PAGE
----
Borderline Personality Disorder (BPD)

by | Updated Jan 26, 2023

Borderline Personality Disorder

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Borderline personality disorder (BPD) is a mental health condition identified by a pattern of instability in moods, behaviors, self-image, and relationships. People with BPD may have a hard time regulating their emotions, may engage in impulsive behaviors, and may have a fear of abandonment. BPD is a serious condition that can have a significant impact on a person’s personal and professional life.

Symptoms

  • Extreme mood swings
  • Constant fear of abandonment
  • Feelings of emptiness
  • Anger outbursts
  • Stress-related paranoia

Behavioral Symptoms

  • Impulsive behaviors (such as reckless driving, substance abuse, and binge eating)
  • Self-harming behaviors (such as cutting or burning)
  • Suicidal ideation or attempts
  • Intense and unstable relationships
  • Difficulty with impulse control

Causes

Borderline personality disorder is not fully understood. However, psychologists and researchers believe that it may stem from a variety of factors including genetics, environment and social influences.

Genetic Factors

Studies have shown that BPD may have a genetic component, as the disorder tends to run in families. Research suggests that certain genetic variations may make a person more susceptible to developing BPD.

Environmental Factors

Environmental factors such as childhood abuse, neglect, and abandonment may increase the risk of developing BPD. Childhood trauma can lead to a lack of proper nurturing, validation and support, resulting in difficulties in regulating emotions and forming healthy relationships in adulthood.

Psychological Factors

Certain psychological factors such as poor coping mechanisms, maladaptive thought patterns, and lack of emotional regulation can also contribute to the development of BPD. Additionally, people with BPD may have a heightened sense of vulnerability, sensitivity and impulsivity which can make them more susceptible to developing the disorder.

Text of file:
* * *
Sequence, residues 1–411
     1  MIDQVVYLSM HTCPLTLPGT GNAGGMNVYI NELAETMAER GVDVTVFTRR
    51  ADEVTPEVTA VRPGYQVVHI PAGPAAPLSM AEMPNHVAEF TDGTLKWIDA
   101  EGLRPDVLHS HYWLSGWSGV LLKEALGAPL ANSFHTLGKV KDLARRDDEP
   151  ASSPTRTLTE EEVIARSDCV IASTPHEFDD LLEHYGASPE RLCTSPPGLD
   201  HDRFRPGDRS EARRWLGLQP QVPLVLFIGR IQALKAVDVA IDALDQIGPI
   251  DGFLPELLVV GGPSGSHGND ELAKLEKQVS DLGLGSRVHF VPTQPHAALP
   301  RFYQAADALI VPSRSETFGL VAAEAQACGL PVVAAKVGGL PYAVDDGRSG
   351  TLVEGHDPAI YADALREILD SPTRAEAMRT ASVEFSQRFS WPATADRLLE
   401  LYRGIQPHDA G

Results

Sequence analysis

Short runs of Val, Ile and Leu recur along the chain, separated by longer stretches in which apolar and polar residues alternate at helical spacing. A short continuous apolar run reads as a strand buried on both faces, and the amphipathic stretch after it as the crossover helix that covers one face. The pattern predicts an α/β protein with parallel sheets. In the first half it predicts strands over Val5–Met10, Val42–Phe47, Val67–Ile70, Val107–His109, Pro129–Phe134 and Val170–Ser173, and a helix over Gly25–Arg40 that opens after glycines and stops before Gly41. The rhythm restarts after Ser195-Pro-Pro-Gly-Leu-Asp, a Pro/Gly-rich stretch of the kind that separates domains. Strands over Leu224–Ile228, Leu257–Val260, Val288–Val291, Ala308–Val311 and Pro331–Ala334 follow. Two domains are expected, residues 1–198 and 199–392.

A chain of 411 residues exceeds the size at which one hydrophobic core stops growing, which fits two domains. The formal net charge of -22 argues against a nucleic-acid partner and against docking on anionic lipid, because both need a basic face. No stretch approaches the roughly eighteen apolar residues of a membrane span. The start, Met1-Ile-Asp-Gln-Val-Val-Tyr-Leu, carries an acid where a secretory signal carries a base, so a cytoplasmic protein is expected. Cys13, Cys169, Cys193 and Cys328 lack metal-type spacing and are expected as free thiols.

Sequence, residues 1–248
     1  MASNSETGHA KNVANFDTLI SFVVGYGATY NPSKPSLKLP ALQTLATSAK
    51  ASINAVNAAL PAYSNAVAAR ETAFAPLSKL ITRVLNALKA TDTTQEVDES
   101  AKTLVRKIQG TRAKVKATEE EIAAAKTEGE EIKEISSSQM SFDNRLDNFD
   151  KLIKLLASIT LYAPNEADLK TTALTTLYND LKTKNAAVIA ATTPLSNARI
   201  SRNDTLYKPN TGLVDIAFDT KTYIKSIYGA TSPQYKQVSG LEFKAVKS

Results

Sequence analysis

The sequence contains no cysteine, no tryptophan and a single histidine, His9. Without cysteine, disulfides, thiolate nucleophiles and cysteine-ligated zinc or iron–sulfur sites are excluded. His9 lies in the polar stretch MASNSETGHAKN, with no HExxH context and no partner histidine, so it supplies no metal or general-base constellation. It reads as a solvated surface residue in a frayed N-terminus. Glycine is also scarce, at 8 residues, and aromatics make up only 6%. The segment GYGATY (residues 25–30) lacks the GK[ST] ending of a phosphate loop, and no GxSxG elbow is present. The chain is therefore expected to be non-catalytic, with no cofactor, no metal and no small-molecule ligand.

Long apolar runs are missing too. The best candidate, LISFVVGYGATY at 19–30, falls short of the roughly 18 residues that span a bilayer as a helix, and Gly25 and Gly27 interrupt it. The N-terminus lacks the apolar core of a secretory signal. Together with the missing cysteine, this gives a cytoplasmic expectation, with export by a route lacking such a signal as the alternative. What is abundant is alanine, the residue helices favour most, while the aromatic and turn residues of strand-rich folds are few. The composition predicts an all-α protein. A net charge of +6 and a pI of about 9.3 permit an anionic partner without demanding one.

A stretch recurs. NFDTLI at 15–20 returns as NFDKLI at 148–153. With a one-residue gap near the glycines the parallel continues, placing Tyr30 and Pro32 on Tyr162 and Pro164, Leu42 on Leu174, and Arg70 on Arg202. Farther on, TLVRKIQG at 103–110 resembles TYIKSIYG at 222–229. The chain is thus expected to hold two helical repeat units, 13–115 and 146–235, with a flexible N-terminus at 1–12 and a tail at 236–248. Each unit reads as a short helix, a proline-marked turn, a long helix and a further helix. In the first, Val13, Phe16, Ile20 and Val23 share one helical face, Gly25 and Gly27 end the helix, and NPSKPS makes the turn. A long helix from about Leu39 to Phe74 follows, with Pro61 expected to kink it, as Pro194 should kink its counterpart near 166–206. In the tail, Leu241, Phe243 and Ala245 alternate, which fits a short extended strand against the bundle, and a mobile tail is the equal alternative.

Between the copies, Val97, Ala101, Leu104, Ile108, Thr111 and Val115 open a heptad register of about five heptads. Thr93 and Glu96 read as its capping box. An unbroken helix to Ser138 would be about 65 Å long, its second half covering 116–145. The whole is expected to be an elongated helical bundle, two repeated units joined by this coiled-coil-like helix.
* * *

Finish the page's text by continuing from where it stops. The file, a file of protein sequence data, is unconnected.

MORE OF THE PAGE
Brain Structure and Function

Research suggests that there may be differences in the brain structure and function in people with BPD. Studies have found that certain areas of the brain involved in regulating emotions and impulse control may be different in people with BPD. Additionally, research suggests that people with BPD may have an overactive stress response and a heightened sensitivity to emotional stimuli.

Examples

Here are some real world examples of how borderline personality disorder may present. These are not exclusive to the disorder but may help you spot and understand coming into contact with someone with BPD.

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Scenario 1

Jane has always had a hard time regulating her emotions. She experiences intense mood swings and has a constant fear of abandonment. She engages in impulsive behaviors, such as reckless driving and substance abuse, and has a history of self-harming behaviors.

Scenario 2

Mike has always had a hard time with relationships. He becomes easily attached to others and becomes deeply hurt when relationships end. He has a history of intense and unstable relationships and has difficulty with impulse control.

“I feel like I’m on a rollercoaster, and I can’t get off.” – Jane

Effects on self

BPD can have a significant impact on a person’s self-esteem and self-worth. People with BPD may have a hard time regulating their emotions and may engage in impulsive behaviors that can lead to negative consequences. They may also have a hard time forming healthy relationships and may struggle with feelings of loneliness and isolation.

Effects on friends, partners, and family

People with BPD may have a hard time maintaining healthy relationships, as their intense emotions and fear of abandonment can be overwhelming for others. They may also engage in impulsive behaviors that can cause damage to these relationships. Additionally, the difficulty with impulse control and the tendency to self-harm can cause significant concern and stress for friends, partners, and family members.

Impact on Friendships

People with BPD may have a hard time maintaining friendships, as their intense emotions and fear of abandonment can be draining for others. They may also engage in impulsive behaviors that can cause damage to these relationships.

Impact on Romantic Relationships